JohnSWilson3 Blog


“So keep up your courage, men, for I have faith in God that it will happen just as he told me.”
February 14, 2010, 11:01 pm
Filed under: E Acts

After Paul gave his incredibly riveting testimony to Festus and King Agrippa and those in the audience room it is decided that Paul will be sent to Rome. It is unknown what Festus wrote reference “the charges against” Paul. Whatever he wrote I’m sure Festus would have liked nothing more than to get rid of Paul who was a nuisance to him politically if he stayed in Caesarea. But Paul knows, even from his letter to the Roman Christians that he knows “that in all things God works for the good of those who love him” even when those things seem bleak and hopeless at first. Paul saw the moving of God’s hand in the events as they unraveled before him!

So Paul along with his companions, including Luke and “Aristarchus, a Macedonian from Thessalonica,” “sail for Italy.” Aristarchus, a church planter that Paul trained in Ephesus, has been traveling with Paul for many years now. Aristarchus has lived the life of Christ together with Paul and his companions and has faced persecution with Paul, actually being “seized” by the rioters back in Ephesus. Aristarchus would be identified by Paul later in Rome as a “fellow prisoner” so it may be that Aristarchus was on the ship as a prisoner with Paul or while in Rome with Paul was put in prison with Paul, no doubt because of his witness for Jesus!

Paul is being held as a prisoner along with “some other prisoners” and “were handed over to a centurion named Julius, who belonged to the Imperial Regiment.” During the trip Paul is shown kindness by the centurion and after landing “at Sidon” was “allowed to go to his friends so they might provide for his needs.” Paul was encouraged and praised God “if God is for us, who can be against us?!” His friends, I’m sure, were also encouraged by the opportunity to give aid and encouragement to there fellow brother in Christ!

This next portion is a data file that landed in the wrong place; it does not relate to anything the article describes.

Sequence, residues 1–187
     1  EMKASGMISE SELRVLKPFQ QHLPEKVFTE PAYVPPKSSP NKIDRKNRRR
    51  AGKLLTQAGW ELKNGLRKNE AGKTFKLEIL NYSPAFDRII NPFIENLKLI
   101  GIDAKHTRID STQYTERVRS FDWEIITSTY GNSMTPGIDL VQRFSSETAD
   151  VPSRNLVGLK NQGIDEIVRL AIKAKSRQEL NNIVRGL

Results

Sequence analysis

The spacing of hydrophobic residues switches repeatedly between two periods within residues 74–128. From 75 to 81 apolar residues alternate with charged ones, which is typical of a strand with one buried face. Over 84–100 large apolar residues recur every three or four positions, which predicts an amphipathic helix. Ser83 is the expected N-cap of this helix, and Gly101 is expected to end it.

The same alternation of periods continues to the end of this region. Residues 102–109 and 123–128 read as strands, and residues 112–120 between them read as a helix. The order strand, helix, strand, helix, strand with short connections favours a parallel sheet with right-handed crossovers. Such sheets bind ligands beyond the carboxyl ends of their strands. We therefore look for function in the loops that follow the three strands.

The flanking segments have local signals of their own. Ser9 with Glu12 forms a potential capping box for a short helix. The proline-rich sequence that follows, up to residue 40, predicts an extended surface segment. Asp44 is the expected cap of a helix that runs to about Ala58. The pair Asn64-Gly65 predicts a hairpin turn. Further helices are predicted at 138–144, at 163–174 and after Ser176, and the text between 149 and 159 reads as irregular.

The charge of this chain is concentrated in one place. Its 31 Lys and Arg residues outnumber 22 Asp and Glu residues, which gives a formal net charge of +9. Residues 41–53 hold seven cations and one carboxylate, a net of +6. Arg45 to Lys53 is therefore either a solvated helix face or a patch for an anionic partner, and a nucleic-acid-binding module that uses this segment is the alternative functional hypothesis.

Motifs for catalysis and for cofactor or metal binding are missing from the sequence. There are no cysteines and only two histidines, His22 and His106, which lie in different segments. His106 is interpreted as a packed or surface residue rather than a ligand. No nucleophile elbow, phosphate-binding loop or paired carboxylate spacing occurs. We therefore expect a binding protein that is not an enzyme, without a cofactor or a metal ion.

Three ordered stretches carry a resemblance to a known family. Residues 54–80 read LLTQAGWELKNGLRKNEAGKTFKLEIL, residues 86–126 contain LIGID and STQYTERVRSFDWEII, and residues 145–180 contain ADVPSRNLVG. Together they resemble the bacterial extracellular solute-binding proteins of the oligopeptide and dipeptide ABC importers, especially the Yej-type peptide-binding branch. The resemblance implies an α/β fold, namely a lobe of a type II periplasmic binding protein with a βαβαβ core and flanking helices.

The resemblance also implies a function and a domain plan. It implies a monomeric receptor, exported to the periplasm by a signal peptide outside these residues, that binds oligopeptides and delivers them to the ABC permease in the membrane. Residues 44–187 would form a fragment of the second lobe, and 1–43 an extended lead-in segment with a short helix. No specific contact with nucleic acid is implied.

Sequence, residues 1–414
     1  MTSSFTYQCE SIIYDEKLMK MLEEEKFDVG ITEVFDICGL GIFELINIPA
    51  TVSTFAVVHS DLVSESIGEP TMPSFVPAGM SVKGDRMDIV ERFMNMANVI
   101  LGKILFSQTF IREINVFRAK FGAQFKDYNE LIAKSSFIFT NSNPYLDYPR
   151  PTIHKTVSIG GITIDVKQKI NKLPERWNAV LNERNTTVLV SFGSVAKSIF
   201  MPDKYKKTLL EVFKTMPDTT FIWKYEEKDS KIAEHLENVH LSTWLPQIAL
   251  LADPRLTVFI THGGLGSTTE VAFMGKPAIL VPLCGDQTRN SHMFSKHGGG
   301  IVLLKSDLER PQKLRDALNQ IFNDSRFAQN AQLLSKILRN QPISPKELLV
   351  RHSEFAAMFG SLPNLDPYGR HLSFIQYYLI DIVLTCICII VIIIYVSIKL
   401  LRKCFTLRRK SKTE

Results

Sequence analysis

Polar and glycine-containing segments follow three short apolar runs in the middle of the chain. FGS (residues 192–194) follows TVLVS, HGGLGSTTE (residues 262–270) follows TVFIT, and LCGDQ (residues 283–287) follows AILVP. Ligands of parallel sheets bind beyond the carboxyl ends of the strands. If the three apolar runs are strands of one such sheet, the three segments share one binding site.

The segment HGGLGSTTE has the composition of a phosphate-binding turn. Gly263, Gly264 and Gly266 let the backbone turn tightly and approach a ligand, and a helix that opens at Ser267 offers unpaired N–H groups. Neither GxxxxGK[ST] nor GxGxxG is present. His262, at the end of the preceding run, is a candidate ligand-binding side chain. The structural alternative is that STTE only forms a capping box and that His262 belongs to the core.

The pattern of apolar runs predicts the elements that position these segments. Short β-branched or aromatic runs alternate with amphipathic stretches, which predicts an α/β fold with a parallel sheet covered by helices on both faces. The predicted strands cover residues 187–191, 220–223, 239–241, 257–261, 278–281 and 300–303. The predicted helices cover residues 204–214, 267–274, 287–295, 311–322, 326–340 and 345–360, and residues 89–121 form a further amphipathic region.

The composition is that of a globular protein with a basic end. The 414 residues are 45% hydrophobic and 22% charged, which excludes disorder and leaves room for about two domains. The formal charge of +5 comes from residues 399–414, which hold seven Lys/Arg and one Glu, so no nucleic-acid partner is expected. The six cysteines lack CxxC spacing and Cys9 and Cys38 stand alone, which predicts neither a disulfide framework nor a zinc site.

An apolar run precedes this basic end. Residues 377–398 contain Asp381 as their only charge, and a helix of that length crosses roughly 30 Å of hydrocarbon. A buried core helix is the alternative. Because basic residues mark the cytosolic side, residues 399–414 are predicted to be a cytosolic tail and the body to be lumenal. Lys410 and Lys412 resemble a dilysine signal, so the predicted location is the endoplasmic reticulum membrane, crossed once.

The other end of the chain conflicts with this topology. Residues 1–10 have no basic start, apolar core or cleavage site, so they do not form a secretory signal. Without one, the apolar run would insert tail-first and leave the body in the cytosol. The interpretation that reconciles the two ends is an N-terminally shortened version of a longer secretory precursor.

Paul, his companions, the other prisoners, the centurion with his soldiers, and the ship’s sailors “put out to sea” and sail through rough waters. They are able to board another ship, this one sailing directly “for Italy.” Again sailing is difficult and Luke describes in detail their travels. Paul warns the centurion and the sailors about the disaster that is going to befall the ship if they continue, but because Paul is only a prisoner the centurion follows “the advice of the pilot and of the owner of the ship.” The pilot and owner of the ship make a bad decision to try and “reach Phoenix (a harbor in Crete) and winter there.” But while enroute “a wind of hurricane force” sweeps “down from the island.” The ship gets caught in the storm and for two weeks is “driven across the Adriatic Sea” by the storm.

Paul some how feels the weight of the trials that the ship in the storm is causing for everyone on board. Even Luke describes that through the horrific storm that “we finally gave up all hope of being saved.” Through this crisis Paul comes as a shining light to all who are on the ship, manifesting the gracious life of Jesus Christ. An angel of God visits Paul and encourages Paul saying “Do not be afraid, Paul. You must stand trial before Caesar; and God has graciously given you the lives of all who sail with you.” With this word from God Paul stands “up before them” and encourages them “to keep up your courage, because not one of you will be lost; only the ship will be destroyed. Last night an angel of the God whose I am and whom I serve stood beside me and said, ‘Do not be afraid, Paul. You must stand trial before Caesar; and God has graciously given you the lives of all who sail with you.’ So keep up your courage, men, for I have faith in God that it will happen just as he told me. Nevertheless, we must run aground on some island.” May God’s people so live, allowing Christ to live through us, that we might have a definite word from God Himself to encourage others in desperate times!